Kronwall missed the final two games of the regular season against the Blackhawks to rest his undisclosed injury, which is believed to be a sore shoulder. On Tuesday he went through his first full practice since leaving the lineup and felt good.

How he feels coming into Wednesday's morning skate and how he feels afterward will be the ultimate factors on whether he plays.

"I'm very optimistic right now, but we'll see how it feels tomorrow," Kronwall said. "I'll talk to the trainers and see what they think."

Meanwhile, veteran backup goalie Chris Osgood will not be on the bench to start the series despite feeling much better in his recovery from groin/sports hernia surgery in January. Osgood's practice reps are increasing, but Babcock said Joey MacDonald will still back up Jimmy Howard -- at least to start the playoffs.

"I'm going to just keep practicing," Osgood said. "I feel like I'm in great shape. I feel like if I had to go in I could play good. That is without a doubt. That's a good sign."

So is the fact his lateral movement has returned pain free.

"Four days ago I just all of a sudden started feeling real good and having it back," Osgood said. "I'm finally practicing and playing where I feel good. I'm not worried about hurting it. I have my movement now, so it's just a matter of practicing real hard and getting as close to game-ready as I can."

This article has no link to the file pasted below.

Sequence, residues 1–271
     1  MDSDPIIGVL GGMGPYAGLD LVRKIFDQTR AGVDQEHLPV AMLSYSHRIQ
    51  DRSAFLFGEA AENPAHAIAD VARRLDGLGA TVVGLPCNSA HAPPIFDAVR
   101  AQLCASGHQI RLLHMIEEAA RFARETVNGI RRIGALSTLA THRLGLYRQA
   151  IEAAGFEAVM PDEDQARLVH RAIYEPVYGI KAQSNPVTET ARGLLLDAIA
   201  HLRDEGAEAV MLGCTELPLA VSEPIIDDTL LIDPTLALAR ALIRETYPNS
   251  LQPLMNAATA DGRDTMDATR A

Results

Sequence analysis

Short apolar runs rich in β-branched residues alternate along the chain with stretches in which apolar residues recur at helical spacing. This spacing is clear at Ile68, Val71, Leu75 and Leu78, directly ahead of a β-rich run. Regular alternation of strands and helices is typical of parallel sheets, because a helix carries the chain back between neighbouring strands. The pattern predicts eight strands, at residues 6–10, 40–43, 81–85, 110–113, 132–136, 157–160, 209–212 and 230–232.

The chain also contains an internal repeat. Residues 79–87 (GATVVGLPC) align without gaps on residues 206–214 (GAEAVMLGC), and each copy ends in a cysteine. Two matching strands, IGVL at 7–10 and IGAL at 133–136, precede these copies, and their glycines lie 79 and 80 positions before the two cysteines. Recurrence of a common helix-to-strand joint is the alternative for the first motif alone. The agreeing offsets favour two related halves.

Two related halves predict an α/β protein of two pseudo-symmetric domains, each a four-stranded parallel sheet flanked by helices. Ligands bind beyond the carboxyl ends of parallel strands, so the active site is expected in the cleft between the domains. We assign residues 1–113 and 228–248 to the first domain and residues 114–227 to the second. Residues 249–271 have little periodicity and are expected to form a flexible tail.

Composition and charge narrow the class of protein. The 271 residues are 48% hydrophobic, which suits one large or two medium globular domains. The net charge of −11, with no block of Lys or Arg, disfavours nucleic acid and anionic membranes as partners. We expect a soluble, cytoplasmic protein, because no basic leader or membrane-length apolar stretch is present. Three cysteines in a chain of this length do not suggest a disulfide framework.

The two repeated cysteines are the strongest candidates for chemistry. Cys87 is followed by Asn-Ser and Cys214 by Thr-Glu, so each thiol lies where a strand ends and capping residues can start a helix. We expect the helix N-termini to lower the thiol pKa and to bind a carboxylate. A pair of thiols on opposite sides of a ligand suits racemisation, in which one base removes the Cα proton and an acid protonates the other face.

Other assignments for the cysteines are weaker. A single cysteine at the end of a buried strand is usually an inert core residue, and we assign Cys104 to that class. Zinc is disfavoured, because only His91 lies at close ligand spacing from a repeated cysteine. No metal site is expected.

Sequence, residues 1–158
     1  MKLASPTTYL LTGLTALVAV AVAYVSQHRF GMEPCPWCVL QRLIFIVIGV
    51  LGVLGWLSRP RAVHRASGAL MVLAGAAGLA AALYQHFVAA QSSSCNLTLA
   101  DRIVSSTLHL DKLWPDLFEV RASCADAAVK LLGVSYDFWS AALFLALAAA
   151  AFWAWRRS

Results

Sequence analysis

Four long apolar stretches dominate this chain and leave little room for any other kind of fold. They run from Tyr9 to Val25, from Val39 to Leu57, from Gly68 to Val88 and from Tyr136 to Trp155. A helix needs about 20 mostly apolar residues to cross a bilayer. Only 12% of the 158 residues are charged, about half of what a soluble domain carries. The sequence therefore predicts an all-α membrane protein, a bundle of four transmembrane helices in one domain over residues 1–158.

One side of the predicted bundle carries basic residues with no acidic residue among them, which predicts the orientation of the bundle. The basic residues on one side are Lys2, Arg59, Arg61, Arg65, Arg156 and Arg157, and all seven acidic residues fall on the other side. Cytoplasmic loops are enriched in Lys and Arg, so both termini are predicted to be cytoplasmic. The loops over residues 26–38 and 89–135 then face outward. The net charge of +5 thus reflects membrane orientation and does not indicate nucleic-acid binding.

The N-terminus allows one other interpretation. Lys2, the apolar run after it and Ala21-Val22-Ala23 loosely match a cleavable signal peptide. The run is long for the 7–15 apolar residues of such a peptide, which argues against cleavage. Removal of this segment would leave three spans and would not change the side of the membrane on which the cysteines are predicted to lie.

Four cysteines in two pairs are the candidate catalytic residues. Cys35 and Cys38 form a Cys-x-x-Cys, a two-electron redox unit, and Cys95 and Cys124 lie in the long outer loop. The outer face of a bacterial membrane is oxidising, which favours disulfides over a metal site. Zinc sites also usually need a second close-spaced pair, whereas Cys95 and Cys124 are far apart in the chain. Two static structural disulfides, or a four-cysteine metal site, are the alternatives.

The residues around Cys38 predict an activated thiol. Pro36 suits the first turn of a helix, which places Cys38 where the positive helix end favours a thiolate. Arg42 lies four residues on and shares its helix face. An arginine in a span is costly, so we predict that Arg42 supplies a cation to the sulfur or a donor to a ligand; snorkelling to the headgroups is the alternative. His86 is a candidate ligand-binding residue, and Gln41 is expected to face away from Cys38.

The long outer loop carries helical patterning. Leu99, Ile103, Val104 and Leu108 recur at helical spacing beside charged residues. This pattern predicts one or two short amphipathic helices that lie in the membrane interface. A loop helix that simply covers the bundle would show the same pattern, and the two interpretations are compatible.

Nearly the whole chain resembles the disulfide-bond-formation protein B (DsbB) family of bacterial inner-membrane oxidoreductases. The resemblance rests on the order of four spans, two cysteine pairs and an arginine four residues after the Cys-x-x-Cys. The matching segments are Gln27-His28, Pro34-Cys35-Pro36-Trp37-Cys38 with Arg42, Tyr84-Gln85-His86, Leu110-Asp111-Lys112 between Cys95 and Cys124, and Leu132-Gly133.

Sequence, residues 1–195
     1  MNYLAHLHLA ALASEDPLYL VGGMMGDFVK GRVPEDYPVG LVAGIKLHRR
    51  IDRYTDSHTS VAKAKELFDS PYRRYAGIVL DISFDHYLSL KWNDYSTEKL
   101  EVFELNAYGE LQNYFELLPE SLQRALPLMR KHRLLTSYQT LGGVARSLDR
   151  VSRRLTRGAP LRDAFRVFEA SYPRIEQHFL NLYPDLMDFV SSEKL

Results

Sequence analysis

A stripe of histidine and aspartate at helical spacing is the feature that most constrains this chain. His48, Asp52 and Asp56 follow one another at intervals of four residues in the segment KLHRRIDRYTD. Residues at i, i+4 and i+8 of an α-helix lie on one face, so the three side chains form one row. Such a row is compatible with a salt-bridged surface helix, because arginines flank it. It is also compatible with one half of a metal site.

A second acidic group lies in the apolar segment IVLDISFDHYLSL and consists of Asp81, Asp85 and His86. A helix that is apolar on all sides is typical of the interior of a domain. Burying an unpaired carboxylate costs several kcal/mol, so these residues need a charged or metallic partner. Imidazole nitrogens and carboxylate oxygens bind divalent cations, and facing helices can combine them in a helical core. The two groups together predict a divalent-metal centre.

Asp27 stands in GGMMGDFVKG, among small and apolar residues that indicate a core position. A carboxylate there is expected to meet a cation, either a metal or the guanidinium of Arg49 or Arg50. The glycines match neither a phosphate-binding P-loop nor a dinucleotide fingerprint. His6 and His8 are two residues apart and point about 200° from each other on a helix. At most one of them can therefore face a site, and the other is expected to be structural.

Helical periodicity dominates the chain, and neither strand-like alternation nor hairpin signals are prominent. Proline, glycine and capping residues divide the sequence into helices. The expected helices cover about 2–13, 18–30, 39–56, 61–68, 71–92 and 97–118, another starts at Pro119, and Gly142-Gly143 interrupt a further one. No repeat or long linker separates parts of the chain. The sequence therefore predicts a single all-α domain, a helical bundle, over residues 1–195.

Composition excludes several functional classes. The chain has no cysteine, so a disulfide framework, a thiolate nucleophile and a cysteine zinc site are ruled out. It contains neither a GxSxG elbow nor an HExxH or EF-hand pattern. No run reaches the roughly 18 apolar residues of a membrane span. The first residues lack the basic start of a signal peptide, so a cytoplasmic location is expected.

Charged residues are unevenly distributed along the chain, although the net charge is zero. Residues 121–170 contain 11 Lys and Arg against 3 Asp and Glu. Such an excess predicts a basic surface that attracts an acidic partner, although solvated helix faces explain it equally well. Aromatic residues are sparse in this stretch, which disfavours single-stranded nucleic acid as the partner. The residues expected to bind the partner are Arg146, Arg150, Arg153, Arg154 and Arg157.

Wings compensating for Zetterberg injury: The good thing about having a number of key players get injured is that it forced the Red Wings to find ways to win without them this season.

Now, they're faced with doing it again to start the playoffs because of star forward Henrik Zetterberg's lower-body injury that happened last week in Carolina.

Without Zetterberg on the top line, the Wings have Johan Franzen and Tomas Holmstrom as wings for center Pavel Datsyuk. On the second line, Justin Abdelkader centers Danny Cleary and Todd Bertuzzi. Jiri Hudler and either Mike Modano or Drew Miller will likely flank Filppula on the third line -- while Kris Draper and Patrick Eaves will most likely join center Darren Helm on the fourth line.

"Missing (Zetterberg) is a big real big piece to our core lineup, but we've got good depth," Cleary said. "Right now, we've got a set of four lines that we feel is a good combination of physicalness, skill and some speed. Each line brings something different."

Howard ready to roll:
It will only be Howard's second NHL playoffs, but neither he nor his teammates are worried.

In fact, they're expecting him to feel more relaxed in net after getting his first playoffs out of the way as a rookie last season.

"It was just a new, unfamiliar situation (last year)," said Howard, who finalized a contract extension this season. "I've played in the (NCAA) national championship game, World Championships under-18 and World Junior Championships and everything like that, but when you're playing for something that you've dreamed about growing up all your life, and then all of a sudden you're there … it's different. It's sort of surreal."
View More

The NHL uses cookies, web beacons, and other similar technologies. By using NHL websites or other online services, you consent to the practices described in our Privacy Policy and Terms of Service, including our Cookie Policy.